Navigant Research Blog

Carbon Tax Plan Proposed by Climate Leadership Council

— February 15, 2017

Climate change is a big area of political strife. It was during the election and remains so during the opening weeks of the new administration. While the major political parties generally disagree on the issue and the measures necessary for addressing it, climate change is not a partisan topic. On February 8, a group of Republicans proposed a tax on CO2 emissions in exchange for the repeal of other regulations on the industry. The proposal is led by James Baker III, former Secretary of State under President George H.W. Bush, and other members of the Climate Leadership Council. Founded by Ted Halstead, the Climate Leadership Council is an international research and advocacy organization with aims to organize global leaders around new climate solutions based on carbon dividends modified for each of the largest greenhouse gas (GHG) emitting regions.

The Proposal

The Carbon Dividends Plan is based on four main areas:

  • Gradually Increasing Carbon Tax: A $40 tax on every metric ton of CO2 would be imposed and increased steadily over time.
  • Carbon Dividends for All Americans: The estimated revenue of $200 to $300 billion per year generated from this carbon tax would be paid out to Americans through dividend checks, administered by the Social Security Administration. On average, a family of four would receive $2,000 under the plan.
  • Border Carbon Adjustments: The plan proposes border adjustments that would increase the costs of exports and imports to/from countries that do not have a comparable carbon tax.
  • Significant Regulatory Rollback: The majority of the Environmental Protection Agency’s (EPA’s) regulatory authority over CO2 emissions would be phased out, including an outright appeal of the Clean Power Plan (CPP).

The Importance

Many Republicans, including President Trump, are publicly opposed to actions on climate change. The Climate Leadership Council is made up of a number of prominent Republicans who are not only publicly in favor of action supporting the climate, but also have created a proposal to do so. Besides Baker and Halstead, authors of the proposal include Henry Paulson, Secretary of the Treasury under President George W. Bush; Martin Feldstein, Chairman of the President’s Council of Economic Advisers under President Ronald Reagan; George Shultz, Secretary of State under President Reagan; and N. Gregory Mankiw, Chairman of the President’s Council of Economic Advisers under President George W. Bush.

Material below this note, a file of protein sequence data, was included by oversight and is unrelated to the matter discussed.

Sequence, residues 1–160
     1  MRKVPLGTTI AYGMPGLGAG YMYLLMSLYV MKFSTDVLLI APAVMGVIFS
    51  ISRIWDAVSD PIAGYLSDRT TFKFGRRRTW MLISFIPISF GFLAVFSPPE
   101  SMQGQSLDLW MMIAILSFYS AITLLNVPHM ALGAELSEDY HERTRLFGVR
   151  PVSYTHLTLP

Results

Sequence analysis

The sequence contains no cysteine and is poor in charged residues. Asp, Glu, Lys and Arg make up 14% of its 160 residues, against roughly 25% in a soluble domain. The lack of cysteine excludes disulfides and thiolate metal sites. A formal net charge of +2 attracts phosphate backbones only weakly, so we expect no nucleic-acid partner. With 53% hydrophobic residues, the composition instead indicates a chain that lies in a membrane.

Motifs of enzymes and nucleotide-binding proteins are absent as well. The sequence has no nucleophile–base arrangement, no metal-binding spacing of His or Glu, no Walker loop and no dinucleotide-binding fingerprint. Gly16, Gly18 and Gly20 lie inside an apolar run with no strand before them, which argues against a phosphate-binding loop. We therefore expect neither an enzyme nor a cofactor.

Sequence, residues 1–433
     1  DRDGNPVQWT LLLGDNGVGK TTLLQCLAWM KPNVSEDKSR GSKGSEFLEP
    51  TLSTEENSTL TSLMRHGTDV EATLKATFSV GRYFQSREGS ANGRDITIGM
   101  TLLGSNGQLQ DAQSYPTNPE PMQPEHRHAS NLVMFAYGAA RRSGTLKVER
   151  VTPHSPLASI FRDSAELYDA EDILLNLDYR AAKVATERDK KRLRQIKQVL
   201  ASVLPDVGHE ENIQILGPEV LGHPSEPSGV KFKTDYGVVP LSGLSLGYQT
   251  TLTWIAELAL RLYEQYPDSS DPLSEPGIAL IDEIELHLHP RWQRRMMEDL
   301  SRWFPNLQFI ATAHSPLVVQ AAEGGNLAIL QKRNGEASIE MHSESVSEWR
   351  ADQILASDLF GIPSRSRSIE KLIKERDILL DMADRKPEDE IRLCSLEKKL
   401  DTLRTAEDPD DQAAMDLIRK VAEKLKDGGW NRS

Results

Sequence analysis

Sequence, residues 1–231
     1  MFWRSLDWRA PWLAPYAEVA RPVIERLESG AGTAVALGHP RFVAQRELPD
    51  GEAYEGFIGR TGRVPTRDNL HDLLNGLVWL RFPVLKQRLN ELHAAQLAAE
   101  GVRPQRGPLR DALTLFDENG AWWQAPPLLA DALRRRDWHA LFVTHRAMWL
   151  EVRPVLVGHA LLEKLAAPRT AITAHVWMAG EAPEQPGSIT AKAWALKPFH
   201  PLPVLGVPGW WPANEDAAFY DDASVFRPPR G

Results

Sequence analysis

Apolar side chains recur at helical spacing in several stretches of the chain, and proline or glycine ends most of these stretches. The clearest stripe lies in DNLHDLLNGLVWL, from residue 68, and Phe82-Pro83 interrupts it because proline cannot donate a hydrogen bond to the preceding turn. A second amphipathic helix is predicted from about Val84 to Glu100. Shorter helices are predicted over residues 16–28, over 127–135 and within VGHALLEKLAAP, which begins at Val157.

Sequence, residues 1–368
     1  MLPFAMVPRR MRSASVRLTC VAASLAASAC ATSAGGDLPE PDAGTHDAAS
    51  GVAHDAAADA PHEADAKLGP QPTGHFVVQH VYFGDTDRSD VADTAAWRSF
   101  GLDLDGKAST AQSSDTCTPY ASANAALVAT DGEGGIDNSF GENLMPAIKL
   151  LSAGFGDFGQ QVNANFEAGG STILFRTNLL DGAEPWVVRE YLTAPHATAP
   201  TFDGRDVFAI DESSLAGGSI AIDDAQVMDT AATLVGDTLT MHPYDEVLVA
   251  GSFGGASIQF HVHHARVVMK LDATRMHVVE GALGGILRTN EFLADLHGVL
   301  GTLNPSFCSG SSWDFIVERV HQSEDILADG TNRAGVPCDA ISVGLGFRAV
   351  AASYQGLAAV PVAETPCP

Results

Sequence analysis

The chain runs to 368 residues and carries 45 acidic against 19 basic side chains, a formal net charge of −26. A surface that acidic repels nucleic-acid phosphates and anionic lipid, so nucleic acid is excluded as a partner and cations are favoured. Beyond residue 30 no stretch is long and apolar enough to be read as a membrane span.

The Impacts

The plan would repeal the CPP put in place by President Obama to reduce carbon pollution and reduce the EPA’s influence on GHG emissions, and will likely see opposition. However, President Trump already plans to repeal the CPP, and while it is unclear if he will be successful, the Carbon Dividends Plan is not needed to assist in that repeal. While the dividends paid back to consumers help with the increased cost of energy, many can argue this would be better if used for increasing renewable energy. If the proposal is rejected and the CPP repealed without an alternative plan in place, it is unlikely actions on climate change will be taken at a federal level.

In June 2016, the House approved a non-binding resolution condemning the idea of a carbon tax. The measure passed 237-163 and was intended to make it more difficult for those that voted against a carbon tax to do so again. President Trump also opposes a carbon tax, believing that President Obama’s CPP was a regulatory overreach of power. It seems unlikely that the current administration and Republication-controlled Congress would vote in favor of such a proposal, although there is hope that some type of alternative could be offered in its place. No matter what the outcome of the Carbon Dividends Plan, there will be many arguing both for and against it.

 

DOE Announces Recipients of SBIR-STTR Phase I Grants for 2017

— January 31, 2017

BulbsThe Department of Energy’s (DOE’s) Office of Science recently awarded four Small Business Innovation Research (SBIR) grants and one Small Business Technology Transfer (STTR) grant for innovation in solid-state lighting (SSL) technology. The grants are aimed at helping the lighting industry reach performance and cost goals, as specified in the DOE’s SSL R&D Plan. First published in 2015, the SSL R&D Plan combined the DOE’s previously published Multi-Year Program Plan (MYPP) and SSL Manufacturing Roadmap. The SSL R&D Plan provides direction and goals for LEDs and OLEDs through 2030, with the aim of increasing energy savings.